The paper reports on the photoelectrical performance of the long wavelength infrared (LWIR) HgCdTe high operating temperature (HOT) detector. The detector structure was simulated with commercially available software APSYS by Crosslight Inc. taking into account SRH, Auger and tunnelling currents. A detailed analysis of the detector performance such as dark current, detectivity, time response as a function of device architecture and applied bias is performed, pointing out optimal working conditions.
The paper reports on a long-wave infrared (cut-off wavelength ~ 9 μm) HgCdTe detector operating under nbiased condition and room temperature (300 K) for both short response time and high detectivity operation. The ptimal structure in terms of the response time and detectivity versus device architecture was shown. The response time of the long-wave (active layer Cd composition, xCd = 0.19) HgCdTe detector for 300 K was calculated at a level of τs ~ 1 ns for zero bias condition, while the detectivity − at a level of D* ~ 109 cmHz1/2/W assuming immersion. It was presented that parameters of the active layer and P+ barrier layer play a critical role in order to reach τs ≤ 1 ns. An extra series resistance related to the processing (RS+ in a range 5−10 Ω) increased the response time more than two times (τs ~ 2.3 ns).
The article presents state of work in technology of free-space optical communications (Free Space Optics − FSO). Both commercially available optical data links and their further development are described. The main elements and operation limiting factors of FSO systems have been identified. Additionally, analyses of FSO/RF hybrid systems application are included. The main aspects of LasBITer project related to such hybrid technology for security and defence applications are presented.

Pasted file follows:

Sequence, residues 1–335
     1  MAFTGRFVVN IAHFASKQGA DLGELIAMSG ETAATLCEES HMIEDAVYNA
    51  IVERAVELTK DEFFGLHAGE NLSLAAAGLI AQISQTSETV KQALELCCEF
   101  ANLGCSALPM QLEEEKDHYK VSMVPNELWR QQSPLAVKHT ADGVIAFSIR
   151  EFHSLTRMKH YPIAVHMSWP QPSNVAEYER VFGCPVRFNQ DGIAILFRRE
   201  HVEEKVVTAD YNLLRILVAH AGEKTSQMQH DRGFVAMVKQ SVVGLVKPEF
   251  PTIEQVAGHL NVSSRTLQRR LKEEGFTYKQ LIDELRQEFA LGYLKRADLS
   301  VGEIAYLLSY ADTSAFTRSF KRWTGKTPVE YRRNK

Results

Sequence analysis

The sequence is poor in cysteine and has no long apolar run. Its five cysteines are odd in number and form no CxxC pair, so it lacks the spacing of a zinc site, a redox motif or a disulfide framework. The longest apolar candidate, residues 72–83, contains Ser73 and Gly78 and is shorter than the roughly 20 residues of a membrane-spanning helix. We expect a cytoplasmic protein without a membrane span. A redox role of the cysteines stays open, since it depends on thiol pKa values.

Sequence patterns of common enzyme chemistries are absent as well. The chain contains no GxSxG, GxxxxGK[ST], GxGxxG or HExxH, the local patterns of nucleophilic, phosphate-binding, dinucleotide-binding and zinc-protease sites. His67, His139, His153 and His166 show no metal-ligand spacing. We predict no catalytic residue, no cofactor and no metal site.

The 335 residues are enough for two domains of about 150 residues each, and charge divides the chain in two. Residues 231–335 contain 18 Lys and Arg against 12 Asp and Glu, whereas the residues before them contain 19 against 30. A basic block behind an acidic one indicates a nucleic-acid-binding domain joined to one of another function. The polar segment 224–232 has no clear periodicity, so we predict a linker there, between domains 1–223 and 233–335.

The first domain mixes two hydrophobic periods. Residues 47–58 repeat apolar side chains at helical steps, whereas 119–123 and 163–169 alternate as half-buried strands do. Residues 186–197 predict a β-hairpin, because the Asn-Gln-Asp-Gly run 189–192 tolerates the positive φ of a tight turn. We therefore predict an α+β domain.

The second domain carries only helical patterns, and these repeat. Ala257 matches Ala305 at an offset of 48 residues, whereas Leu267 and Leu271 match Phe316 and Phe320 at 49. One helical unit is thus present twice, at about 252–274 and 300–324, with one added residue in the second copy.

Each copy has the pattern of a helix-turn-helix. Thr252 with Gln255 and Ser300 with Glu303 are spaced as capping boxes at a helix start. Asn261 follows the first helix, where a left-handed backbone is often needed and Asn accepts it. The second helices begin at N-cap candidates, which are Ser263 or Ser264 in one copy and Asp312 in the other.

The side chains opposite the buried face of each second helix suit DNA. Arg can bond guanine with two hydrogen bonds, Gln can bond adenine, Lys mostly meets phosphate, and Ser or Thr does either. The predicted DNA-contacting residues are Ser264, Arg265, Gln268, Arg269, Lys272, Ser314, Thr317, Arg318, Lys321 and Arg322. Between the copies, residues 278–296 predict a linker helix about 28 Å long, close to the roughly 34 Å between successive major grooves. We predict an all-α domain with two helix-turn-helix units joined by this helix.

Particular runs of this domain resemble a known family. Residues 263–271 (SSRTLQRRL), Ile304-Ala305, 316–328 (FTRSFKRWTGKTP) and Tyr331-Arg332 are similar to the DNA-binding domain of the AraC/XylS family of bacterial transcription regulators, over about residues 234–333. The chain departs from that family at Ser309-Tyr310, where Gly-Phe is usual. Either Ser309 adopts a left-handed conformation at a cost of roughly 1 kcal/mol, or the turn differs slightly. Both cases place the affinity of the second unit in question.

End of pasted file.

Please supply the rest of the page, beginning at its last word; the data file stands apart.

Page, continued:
In the paper recent progress at VIGO/MUT (Military University of Technology) MOCVD Laboratory in the growth of Hg1-xCdxTe (HgCdTe) multilayer heterostructures on GaAs/CdTe substrates is presented. The optimum conditions for the growth of single layers and complex multilayer heterostructures have been established. One of the crucial stages of HgCdTe epitaxy is CdTe nucleation on GaAs substrate. Successful composite substrates have been obtained with suitable substrate preparation, liner and susceptor treatment, proper control of background fluxes and appropriate nucleation conditions. The other critical stage is the interdi#27;used multilayer process (IMP). The growth of device-quality HgCdTe heterostructures requires complete homogenization of CdTe-HgTe pairs preserving at the same time suitable sharpness of composition and doping profiles. This requires for IMP pairs to be very thin and grown in a short time. Arsenic and iodine have been used for acceptor and donor doping. Suitable growth conditions and post growth anneal is essential for stable and reproducible doping. In situ anneal seems to be sufficient for iodine doping at any required level. In contrast, efficient As doping with near 100% activation requires ex situ anneal at near saturated mercury vapours. As a result we are able to grow multilayer fully doped (100) and (111) heterostructures for various infrared devices including photoconductors, photoelectromagnetic and photovoltaic detectors. The present generation of uncooled long wavelength infrared devices is based on multijunction photovoltaic devices. The technology steps in fabrication of devices are described. It is shown that near-BLIP performance is possible to achieve at ≈ 230 K with optical immersion. These devices are especially promising as 7.89.5 um detectors, indicating the potential for achieving detectivities above 109 cmHz1/2/W.